We knew compliance was on employers’ minds this year – 87 percent of employers told us so. We teamed up with BLR® to survey 557 employers about their thoughts on immigration management in 2017 and discovered a growing focus on compliance. We were curious about what areas of immigration were the most troubling, so we asked them which U.S. immigration compliance concerns, outside of I-9 worries, bothered them the most.
The responses varied, of course, but some main themes emerged surrounding compliance in 2017:
Maintaining accurate records
More than 40 percent of employers said maintaining accurate records and making sure the information submitted to the government is correct and up to date were their most pressing immigration concerns.
Keeping employee records accurate and up to date can be challenging, but there are some tried and true ways employers can ensure their record-keeping doesn’t put them at risk of noncompliance.
H-1B visa audits
In 2017, 30 percent of employers told us their biggest U.S. immigration compliance concern was being part of an audit by USCIS or the Department of Labor for employees holding H-1B visas.
USCIS performs investigations into H-1B visa petitions that need more information to verify the terms of employment, often as part of Requests For Evidence (RFEs). And, as if in response to employers’ concerns, there was a decided increase – 45 percent – in the number of RFEs issued in 2017 compared to the previous year.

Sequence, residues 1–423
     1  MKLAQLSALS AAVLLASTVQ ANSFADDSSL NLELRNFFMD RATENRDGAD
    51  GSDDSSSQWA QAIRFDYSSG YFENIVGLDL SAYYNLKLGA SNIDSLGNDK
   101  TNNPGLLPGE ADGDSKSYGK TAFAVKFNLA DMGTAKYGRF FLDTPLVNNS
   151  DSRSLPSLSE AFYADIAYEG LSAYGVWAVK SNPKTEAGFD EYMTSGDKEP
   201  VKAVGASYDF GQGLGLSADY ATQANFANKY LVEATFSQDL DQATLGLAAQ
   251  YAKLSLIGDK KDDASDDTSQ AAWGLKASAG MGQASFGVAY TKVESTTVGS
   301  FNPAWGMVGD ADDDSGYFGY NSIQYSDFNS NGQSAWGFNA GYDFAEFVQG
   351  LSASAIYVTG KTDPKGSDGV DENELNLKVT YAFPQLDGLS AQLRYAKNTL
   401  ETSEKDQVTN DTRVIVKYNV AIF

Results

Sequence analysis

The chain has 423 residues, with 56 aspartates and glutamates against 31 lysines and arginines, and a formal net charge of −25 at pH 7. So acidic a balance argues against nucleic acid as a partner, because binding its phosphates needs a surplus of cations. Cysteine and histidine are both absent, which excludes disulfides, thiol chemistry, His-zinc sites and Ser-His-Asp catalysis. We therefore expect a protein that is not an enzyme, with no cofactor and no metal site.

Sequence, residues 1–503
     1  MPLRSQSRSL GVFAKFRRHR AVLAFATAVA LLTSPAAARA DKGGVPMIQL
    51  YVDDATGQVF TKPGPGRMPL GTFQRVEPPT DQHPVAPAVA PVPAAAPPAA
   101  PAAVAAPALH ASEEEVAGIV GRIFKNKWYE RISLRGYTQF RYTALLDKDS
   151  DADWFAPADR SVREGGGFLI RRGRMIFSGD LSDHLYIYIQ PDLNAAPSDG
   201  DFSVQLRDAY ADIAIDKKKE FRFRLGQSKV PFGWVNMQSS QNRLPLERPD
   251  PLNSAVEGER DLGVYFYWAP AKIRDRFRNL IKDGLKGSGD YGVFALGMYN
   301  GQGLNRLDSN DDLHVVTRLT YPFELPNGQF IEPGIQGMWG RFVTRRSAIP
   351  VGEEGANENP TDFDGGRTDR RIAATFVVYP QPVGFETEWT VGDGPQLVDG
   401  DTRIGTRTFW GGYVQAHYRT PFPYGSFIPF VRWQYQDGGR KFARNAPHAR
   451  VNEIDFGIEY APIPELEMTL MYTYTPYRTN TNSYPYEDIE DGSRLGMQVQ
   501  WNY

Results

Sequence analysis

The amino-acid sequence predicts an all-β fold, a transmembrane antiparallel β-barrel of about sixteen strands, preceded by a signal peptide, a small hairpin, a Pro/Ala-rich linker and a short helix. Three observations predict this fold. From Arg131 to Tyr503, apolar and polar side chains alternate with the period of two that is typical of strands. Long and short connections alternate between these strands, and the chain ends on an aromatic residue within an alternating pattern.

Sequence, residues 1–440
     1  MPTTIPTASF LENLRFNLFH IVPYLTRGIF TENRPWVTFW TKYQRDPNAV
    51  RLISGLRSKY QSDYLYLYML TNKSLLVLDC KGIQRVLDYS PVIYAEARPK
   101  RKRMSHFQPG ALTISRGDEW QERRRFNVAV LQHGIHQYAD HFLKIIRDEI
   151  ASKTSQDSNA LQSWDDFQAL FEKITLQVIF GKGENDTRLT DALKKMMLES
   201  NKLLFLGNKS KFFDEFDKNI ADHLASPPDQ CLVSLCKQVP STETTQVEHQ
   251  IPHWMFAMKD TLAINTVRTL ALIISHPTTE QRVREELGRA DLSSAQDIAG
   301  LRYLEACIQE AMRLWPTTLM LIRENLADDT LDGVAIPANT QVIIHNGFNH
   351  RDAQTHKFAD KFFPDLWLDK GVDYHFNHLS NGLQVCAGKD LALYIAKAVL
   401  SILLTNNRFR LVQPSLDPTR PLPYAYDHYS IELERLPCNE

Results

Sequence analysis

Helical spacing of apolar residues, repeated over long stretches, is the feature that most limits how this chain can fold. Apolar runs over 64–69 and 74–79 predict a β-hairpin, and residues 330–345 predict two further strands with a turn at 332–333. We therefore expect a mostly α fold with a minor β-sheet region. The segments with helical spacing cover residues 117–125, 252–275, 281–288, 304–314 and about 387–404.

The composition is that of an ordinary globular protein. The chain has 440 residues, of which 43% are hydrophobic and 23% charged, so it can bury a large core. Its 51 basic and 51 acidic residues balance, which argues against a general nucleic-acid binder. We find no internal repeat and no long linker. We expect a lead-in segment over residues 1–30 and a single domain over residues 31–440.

Site visits by USCIS, DOL or ICE were among the top concerns for employers in 2017. 26 percent told us so. And for good reason. Site visits seemed more immanent for companies this year after the Trump administration hired 10,000 new immigration officers.
Whether it’s a visit from ICE, an H-1B or L-1-related visit from USCIS or a visit from DOL officers, site visits can be daunting, especially for organizations without a comprehensive plan in place.
The issue of training employees was a major compliance concern for employers in 2017. 26 percent of respondents told us that training employees on compliance was a focus for them, a clear sign that organizations were concerned about noncompliance and looking to stay in compliance as much as possible.
Global mobility concerns
In our research, we also learned that, on a global scale, employers’ compliance concerns are similar to their concerns with U.S. immigration. 37 percent of employers said that, in 2017, accurate global employee records was their biggest concern.
Thirty percent said training employees on global compliance was a top concern, 27 percent were concerned with international immigration audits, while another 27 percent said their top concern was keeping up with elusive record-keeping requirements in various countries around the world.